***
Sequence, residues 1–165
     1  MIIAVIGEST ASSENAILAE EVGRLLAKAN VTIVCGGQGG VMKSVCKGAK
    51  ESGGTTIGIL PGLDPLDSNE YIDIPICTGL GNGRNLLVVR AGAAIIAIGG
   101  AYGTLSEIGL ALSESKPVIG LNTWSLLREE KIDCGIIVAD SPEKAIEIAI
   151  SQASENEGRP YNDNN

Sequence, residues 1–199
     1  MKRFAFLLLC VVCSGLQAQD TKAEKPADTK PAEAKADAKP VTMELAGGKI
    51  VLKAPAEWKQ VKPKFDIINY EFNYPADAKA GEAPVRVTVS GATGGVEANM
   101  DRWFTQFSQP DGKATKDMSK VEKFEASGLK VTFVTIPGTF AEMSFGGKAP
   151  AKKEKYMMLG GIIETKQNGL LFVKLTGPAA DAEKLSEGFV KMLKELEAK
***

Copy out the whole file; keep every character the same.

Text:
Sequence, residues 1–165
     1  MIIAVIGEST ASSENAILAE EVGRLLAKAN VTIVCGGQGG VMKSVCKGAK
    51  ESGGTTIGIL PGLDPLDSNE YIDIPICTGL GNGRNLLVVR AGAAIIAIGG
   101  AYGTLSEIGL ALSESKPVIG LNTWSLLREE KIDCGIIVAD SPEKAIEIAI
   151  SQASENEGRP YNDNN

Sequence, residues 1–199
     1  MKRFAFLLLC VVCSGLQAQD TKAEKPADTK PAEAKADAKP VTMELAGGKI
    51  VLKAPAEWKQ VKPKFDIINY EFNYPADAKA GEAPVRVTVS GATGGVEANM
   101  DRWFTQFSQP DGKATKDMSK VEKFEASGLK VTFVTIPGTF AEMSFGGKAP
   151  AKKEKYMMLG GIIETKQNGL LFVKLTGPAA DAEKLSEGFV KMLKELEAK